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Showing results 21-31 of 31 for 'Blood'

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    Dr. Karina Yaniv to be honored with LE&RN's 2016 Wendy Chaite Leadership Award

    The Lymphatic Education & Research Network has announced that it is awarding its prestigious Wendy Chaite Leadership Award to Weizmann's Dr. Karina Yaniv. With funding support from the organization, Dr. Yaniv recently showed – for the first time – how the lymphatic system develops. The award will be presented on March 23 by actor Kathy Bates.

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    The Transformation

    Writing in The New Yorker, Dr. Jerome Groopman examines whether controlling cancer is a more viable option than trying to destroy it. A new treatment for the often-fatal acute myelogenous leukemia (AML) aims to do just that by forcing immature cells to grow up, rather than turn into leukemia cells – a breakthrough that builds on the work of Weizmann's Prof. Leo Sachs.

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    We Can Restore Cognition by Manipulating Where the Body Meets the Mind

    Prof. Michal Schwartz, world-renowned neuroscientist, along with Weizmann Institute PhD student Aleksandra Deczkowska and postdoc Kuti Baruch write in Science 2.0 about their study of the aging brain, and discovering that the choroid plexus – a unique interface between the brain and the body – is involved in the aging process.

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    Sharing Mother's Stress in the Womb Leaves Children Prone to Depression

    Weizmann's Prof. Alon Chen and colleagues in the U.K. have discovered a key part of the placenta that protects the fetus from the mother's high stress hormones; however, when this element doesn't work, the child is more prone to anxiety and depression. As The Telegraph reports, a diagnostic test could identify at-risk children.

  • Top 10 Israeli Medical Advances to Watch in 2014

    Israel21c names Prof. Michal Schwartz's early-diagnosis blood test for Alzheimer's disease and ALS one of the top 10 Israeli medical advances to watch in 2014. The company NeuroQuest conducted trials in Israel that showed the test has an astonishing accuracy rate of 87%, enabling much earlier intervention for these neurodegenerative diseases.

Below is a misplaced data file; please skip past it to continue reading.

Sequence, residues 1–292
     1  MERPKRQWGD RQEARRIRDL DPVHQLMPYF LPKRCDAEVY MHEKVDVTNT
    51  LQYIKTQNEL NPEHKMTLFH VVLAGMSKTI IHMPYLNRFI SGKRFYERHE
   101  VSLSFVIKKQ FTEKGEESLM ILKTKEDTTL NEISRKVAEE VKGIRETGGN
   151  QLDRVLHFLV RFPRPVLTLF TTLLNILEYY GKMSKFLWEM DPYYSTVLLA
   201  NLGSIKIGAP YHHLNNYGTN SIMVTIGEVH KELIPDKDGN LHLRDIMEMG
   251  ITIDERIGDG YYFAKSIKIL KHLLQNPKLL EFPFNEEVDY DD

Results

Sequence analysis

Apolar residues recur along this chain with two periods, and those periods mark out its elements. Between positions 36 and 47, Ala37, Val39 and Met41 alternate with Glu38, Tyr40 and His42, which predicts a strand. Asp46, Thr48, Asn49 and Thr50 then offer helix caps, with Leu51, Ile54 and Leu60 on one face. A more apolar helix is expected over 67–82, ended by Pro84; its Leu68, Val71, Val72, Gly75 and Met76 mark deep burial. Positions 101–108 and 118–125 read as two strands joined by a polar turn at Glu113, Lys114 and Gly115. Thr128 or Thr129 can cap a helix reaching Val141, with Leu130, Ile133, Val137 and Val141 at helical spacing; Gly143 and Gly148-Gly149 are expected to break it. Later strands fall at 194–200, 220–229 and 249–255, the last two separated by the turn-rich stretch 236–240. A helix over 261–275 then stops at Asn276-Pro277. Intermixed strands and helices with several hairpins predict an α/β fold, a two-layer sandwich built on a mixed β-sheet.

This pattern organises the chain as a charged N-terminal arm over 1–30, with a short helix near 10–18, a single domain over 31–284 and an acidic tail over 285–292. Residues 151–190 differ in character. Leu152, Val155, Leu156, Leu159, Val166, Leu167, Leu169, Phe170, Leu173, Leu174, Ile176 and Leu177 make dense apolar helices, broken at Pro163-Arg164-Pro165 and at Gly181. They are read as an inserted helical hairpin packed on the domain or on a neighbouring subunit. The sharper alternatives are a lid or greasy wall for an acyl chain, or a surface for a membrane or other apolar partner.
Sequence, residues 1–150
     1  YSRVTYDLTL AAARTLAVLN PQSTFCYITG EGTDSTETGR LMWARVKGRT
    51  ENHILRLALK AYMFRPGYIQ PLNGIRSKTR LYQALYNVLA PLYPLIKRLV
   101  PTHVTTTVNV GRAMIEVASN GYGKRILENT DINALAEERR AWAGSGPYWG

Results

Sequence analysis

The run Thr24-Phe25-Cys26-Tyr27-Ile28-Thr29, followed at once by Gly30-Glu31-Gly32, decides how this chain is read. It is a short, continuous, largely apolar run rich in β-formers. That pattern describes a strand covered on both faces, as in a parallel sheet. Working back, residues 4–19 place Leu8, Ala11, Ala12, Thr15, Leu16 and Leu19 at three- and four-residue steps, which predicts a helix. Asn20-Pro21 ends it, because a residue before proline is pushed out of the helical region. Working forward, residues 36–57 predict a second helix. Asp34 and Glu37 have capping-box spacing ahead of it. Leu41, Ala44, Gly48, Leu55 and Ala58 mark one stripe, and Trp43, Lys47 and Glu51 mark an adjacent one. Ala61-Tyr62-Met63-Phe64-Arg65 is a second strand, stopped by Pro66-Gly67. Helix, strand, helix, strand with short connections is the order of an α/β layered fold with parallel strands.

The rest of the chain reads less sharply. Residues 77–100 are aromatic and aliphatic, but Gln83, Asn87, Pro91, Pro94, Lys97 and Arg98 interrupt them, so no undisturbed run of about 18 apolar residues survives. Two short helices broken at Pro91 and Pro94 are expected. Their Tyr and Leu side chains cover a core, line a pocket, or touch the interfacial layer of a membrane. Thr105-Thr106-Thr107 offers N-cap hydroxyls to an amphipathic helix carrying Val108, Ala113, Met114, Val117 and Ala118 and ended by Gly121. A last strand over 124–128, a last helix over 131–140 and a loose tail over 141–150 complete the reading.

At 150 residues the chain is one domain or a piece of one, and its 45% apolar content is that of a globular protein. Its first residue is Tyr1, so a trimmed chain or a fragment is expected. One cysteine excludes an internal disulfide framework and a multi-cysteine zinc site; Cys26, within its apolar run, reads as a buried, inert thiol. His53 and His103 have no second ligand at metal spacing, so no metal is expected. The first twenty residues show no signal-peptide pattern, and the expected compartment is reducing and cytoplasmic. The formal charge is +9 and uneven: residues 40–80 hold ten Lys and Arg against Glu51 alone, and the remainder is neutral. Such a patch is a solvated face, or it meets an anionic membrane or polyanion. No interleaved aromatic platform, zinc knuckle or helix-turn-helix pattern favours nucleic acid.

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    Cell Source's Megadose Drug Combination Treats First Patient

    Cell Source, the biotech firm that is developing Prof. Yair Reisner's ""megadose"" stem cell therapy, announced that the first cancer patient appears to have been successfully treated. The treatment allows bone marrow transplants between mismatched donors and patients, reducing levels of rejection and increasing rates of success and survival.

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    Therapy Programs Patients’ Own Cells to Fight Cancer

    A decades-old ""audacious idea"" by Weizmann's Prof. Zelig Eshhar helped create a cancer treatment that has now led to full remissions in almost 20 adult and pediatric blood-cancer patients. Considered the future of cancer research by many, the therapy programs the patient's own immune cells to recognize and attack cancer.

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    Target: Blood Cancers

    Read about Prof. Idit Shachar's search for an improved treatment for chronic lymphocytic leukemia and other blood cancers. She and her team discovered a blocking antibody that showed great promise in killing cancer cells in a clinical trial. Prof. Shachar also addresses the challenges of being a woman (and mom) in science. This is WeizmannViews Issue No. 45.

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    First Blood Cells

    One of the first organ systems to form and function in the embryo is the cardiovascular system: in fact, this developmental process starts so early that scientists still have many unresolved questions on the origin of the primitive heart and blood vessels. How do the first cells – the progenitors – that are destined to become part of this system participate in shaping the developed cardiovascular system? Dr. Lyad Zamir, a former PhD student in the lab of Prof. Eldad Tzahor in the Weizmann Institute of Science’s Department of Molecular Cell Biology, developed a method to image the earliest cardiovascular progenitors and track them and their descendants through the developing embryo in real time. His movies took place in fertilized chicken eggs, in which a complex network of blood vessels forms within the yolk sac to nourish the embryo. The findings of this research were recently published in eLife.

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    Can the Organ of Life Save Lives?

    As <em>The Jerusalem Post</em> reports, Pluristem uses technology developed by Weizmann and the Technion to develop cell therapies for conditions such as inflammation, muscle injuries, blood disorders – even for “victims of radioactive catastrophes.”